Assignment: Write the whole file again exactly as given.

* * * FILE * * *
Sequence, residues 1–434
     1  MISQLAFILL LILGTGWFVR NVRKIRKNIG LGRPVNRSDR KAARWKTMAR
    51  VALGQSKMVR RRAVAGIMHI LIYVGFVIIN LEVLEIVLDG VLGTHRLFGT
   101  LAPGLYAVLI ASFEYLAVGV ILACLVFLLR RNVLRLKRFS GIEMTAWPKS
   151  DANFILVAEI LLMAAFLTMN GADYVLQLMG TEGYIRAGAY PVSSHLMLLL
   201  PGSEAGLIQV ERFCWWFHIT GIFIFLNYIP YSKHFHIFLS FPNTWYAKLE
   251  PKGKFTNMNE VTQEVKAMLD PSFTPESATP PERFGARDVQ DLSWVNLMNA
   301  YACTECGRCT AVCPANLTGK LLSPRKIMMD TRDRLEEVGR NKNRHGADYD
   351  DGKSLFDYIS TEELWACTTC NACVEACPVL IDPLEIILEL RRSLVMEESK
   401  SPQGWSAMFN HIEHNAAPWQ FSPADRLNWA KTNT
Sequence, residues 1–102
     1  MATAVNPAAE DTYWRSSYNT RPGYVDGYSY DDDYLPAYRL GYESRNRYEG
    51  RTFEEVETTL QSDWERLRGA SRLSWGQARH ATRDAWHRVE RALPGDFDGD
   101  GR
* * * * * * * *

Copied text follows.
Sequence, residues 1–434
     1  MISQLAFILL LILGTGWFVR NVRKIRKNIG LGRPVNRSDR KAARWKTMAR
    51  VALGQSKMVR RRAVAGIMHI LIYVGFVIIN LEVLEIVLDG VLGTHRLFGT
   101  LAPGLYAVLI ASFEYLAVGV ILACLVFLLR RNVLRLKRFS GIEMTAWPKS
   151  DANFILVAEI LLMAAFLTMN GADYVLQLMG TEGYIRAGAY PVSSHLMLLL
   201  PGSEAGLIQV ERFCWWFHIT GIFIFLNYIP YSKHFHIFLS FPNTWYAKLE
   251  PKGKFTNMNE VTQEVKAMLD PSFTPESATP PERFGARDVQ DLSWVNLMNA
   301  YACTECGRCT AVCPANLTGK LLSPRKIMMD TRDRLEEVGR NKNRHGADYD
   351  DGKSLFDYIS TEELWACTTC NACVEACPVL IDPLEIILEL RRSLVMEESK
   401  SPQGWSAMFN HIEHNAAPWQ FSPADRLNWA KTNT
Sequence, residues 1–102
     1  MATAVNPAAE DTYWRSSYNT RPGYVDGYSY DDDYLPAYRL GYESRNRYEG
    51  RTFEEVETTL QSDWERLRGA SRLSWGQARH ATRDAWHRVE RALPGDFDGD
   101  GR